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Thread: What's Counterpoint?

  1. #1
    Registered User Revenant's Avatar
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    What's Counterpoint?

    Whenver reading about classical composing i notice the word "counterpoint" mentioned several times. Also, a lot of composers say its the holy grail..
    What is counterpoint???

  2. #2
    Ibreathe Follower Kinoble's Avatar
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    Hey there,

    My very limited knowledge of counterpoint is that its when simultaneous lines of melody are played at the same time. It has a very strict form, where contrary motion should be a main feature - when melodic lines oppose each other in direction and/or pitch.

    This said, i would not know how to write one just yet.

    Ben

  3. #3
    Registered User leppard81's Avatar
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    @Ben : LOL thats the exact answer I´d have given. I wanna buy a book on counterpoint for ages, havent done so yet............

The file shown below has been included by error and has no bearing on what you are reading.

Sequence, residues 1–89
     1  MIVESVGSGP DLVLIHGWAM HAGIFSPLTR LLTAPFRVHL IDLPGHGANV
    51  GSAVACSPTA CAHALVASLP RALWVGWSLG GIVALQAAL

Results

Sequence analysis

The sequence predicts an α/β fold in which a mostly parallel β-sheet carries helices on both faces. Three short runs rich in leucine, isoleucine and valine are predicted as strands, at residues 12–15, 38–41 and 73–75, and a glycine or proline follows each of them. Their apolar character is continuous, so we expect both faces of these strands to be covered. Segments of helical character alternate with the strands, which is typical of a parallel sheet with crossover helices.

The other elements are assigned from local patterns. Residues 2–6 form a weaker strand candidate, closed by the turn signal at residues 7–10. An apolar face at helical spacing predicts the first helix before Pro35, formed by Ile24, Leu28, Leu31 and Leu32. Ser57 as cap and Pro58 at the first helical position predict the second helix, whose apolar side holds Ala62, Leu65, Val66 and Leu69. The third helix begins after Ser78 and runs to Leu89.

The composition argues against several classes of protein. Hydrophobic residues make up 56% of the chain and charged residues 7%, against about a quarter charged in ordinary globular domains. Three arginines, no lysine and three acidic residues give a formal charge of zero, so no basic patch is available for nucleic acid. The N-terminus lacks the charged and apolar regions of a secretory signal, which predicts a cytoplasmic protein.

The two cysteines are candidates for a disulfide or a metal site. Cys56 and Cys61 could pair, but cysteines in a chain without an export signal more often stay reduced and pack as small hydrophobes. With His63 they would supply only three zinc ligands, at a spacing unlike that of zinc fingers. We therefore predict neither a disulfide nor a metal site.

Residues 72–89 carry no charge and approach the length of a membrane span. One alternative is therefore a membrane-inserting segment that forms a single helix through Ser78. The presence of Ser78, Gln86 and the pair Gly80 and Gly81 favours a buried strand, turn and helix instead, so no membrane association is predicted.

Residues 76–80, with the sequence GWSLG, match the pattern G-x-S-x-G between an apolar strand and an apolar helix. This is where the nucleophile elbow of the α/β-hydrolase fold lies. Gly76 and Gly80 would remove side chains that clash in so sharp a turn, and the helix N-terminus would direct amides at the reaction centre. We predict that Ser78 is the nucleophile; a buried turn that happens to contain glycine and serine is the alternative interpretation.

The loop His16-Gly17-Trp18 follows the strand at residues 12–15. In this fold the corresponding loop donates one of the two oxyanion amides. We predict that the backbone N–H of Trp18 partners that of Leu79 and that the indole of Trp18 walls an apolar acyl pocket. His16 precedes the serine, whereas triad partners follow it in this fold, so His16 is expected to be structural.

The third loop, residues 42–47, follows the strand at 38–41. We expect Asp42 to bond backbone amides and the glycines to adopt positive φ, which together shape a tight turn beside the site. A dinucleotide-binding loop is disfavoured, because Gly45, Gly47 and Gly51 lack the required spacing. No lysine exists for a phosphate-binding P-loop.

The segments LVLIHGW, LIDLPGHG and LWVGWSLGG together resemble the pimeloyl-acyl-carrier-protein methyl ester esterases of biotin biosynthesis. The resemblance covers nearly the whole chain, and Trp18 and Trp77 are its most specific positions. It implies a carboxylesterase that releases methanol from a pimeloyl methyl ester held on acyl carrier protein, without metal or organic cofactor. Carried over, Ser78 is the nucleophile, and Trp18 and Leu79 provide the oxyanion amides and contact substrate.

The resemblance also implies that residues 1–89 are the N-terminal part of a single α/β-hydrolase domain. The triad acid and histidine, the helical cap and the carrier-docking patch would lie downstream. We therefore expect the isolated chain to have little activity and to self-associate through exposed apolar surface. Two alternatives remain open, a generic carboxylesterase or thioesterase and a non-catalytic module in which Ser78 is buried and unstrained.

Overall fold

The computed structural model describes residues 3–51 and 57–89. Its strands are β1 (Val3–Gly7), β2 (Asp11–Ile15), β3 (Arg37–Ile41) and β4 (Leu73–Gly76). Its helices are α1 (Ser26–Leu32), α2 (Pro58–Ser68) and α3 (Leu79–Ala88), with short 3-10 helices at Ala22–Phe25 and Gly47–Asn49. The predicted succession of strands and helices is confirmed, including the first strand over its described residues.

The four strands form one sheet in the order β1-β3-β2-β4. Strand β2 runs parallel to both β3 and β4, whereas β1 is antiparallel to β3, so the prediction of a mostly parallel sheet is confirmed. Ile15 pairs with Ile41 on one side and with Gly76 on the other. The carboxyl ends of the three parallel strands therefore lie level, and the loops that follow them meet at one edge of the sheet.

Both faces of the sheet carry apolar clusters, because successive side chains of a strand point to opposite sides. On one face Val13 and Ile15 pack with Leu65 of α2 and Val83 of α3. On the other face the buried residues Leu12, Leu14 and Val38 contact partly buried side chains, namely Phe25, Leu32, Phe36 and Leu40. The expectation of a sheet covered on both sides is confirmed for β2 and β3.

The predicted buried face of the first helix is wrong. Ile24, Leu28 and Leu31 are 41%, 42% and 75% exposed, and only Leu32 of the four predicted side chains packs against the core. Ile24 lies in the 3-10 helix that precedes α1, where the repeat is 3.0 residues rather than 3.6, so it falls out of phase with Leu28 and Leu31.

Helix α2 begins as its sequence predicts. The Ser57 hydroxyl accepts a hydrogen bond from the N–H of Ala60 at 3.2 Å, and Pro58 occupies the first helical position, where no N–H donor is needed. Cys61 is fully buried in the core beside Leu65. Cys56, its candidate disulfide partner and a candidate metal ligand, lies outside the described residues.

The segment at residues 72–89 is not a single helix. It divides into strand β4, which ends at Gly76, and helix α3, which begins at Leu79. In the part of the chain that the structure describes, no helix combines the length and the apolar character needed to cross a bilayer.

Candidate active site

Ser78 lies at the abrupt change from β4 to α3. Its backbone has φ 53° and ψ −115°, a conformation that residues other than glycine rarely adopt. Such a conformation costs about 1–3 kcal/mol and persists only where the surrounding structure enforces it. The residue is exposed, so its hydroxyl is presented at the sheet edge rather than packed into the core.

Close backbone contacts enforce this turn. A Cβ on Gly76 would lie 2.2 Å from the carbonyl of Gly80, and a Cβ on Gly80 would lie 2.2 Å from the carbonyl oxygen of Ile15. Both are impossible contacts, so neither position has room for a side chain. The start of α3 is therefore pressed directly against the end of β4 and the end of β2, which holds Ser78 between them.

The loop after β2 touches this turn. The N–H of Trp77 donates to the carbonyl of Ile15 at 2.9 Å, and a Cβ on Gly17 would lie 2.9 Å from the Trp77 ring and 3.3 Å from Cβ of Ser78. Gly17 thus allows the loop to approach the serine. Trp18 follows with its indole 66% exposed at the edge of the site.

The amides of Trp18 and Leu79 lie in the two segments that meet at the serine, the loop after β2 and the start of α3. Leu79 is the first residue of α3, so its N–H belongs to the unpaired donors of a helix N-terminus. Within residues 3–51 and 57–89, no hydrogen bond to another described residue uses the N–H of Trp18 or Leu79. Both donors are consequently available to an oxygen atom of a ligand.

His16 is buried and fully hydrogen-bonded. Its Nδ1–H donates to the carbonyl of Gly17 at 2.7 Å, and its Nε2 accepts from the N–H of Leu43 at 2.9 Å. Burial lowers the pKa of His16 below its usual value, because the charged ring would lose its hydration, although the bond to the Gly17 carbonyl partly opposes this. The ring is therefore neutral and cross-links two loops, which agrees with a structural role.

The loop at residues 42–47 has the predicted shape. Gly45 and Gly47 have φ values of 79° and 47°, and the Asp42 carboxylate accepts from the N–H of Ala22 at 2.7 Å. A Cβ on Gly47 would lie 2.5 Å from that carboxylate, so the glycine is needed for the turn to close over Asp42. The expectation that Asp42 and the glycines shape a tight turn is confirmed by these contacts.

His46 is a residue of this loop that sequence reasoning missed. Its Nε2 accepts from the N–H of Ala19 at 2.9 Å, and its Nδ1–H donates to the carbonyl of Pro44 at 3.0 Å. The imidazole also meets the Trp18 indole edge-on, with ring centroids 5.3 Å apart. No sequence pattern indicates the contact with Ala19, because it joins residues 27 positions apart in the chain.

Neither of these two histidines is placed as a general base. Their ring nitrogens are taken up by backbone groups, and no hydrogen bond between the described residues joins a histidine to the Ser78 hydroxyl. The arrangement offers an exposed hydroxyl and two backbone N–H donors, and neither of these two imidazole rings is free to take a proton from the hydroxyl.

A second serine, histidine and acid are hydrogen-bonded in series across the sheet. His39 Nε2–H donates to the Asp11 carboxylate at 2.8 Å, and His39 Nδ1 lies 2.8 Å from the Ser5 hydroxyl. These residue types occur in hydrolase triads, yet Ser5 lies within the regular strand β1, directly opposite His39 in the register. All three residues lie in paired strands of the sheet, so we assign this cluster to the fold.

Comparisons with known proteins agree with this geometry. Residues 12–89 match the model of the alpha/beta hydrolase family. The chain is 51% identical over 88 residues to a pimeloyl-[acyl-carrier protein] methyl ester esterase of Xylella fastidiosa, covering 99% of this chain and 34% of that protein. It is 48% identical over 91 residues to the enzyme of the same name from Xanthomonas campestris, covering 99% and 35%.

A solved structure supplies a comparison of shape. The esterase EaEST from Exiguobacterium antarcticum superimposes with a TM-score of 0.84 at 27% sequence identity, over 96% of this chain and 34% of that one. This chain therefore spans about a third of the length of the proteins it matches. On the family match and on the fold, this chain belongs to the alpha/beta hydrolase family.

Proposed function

We get the dreams that we deserve.... - Marillion

    http://www.myspace.com/alexsiedlermusic


  4. #4
    Ibreathe Follower Kinoble's Avatar
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    Haha Alex,

    Well i havnt studied counterpoint at all, its on my rather long 'to-do' list, but its really not a priority for me just yet. If you find a good book, please lemme know about it

    Ben

  5. #5
    Detroit VidKid's Avatar
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    Teaching counterpoint starts out with studying two part (Inventions), to three part and four part creating independent harmonic lines/melodies. Bach Fugues and Two-Part Inventions are good examples of mastery of Counterpoint. There’s a bunch of part-writing rules to follow and difficult to master and is best learned in an advance theory/composition course in a college setting. I studied Counterpoint in Composition/Theory Grad course and have to admit I’ve forgotten most of it, but still recognize it’s importance.


    Fux’s method is the primary textbook used in college.

    Here’s a link that gives an overview of Counterpoint and outlines basic principles. There's also other IBM posts related to Counterpoint.


    http://www.musique.umontreal.ca/personnel/Belkin/bk.C/index.html


    VidKid
    Last edited by VidKid; 10-02-2006 at 02:23 AM.
    Yesterday's dissonance is today's consonance, while today's atonal is tomorrow's consonance-Liebman

  6. #6
    Registered User JonR's Avatar
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    Basically, it's all about how a melody relates to an accompanying harmony line, note by note. What happens is a series of "intervals" are formed - some consonant, some dissonant. (This is how the art of harmony began, well before chords were invented.)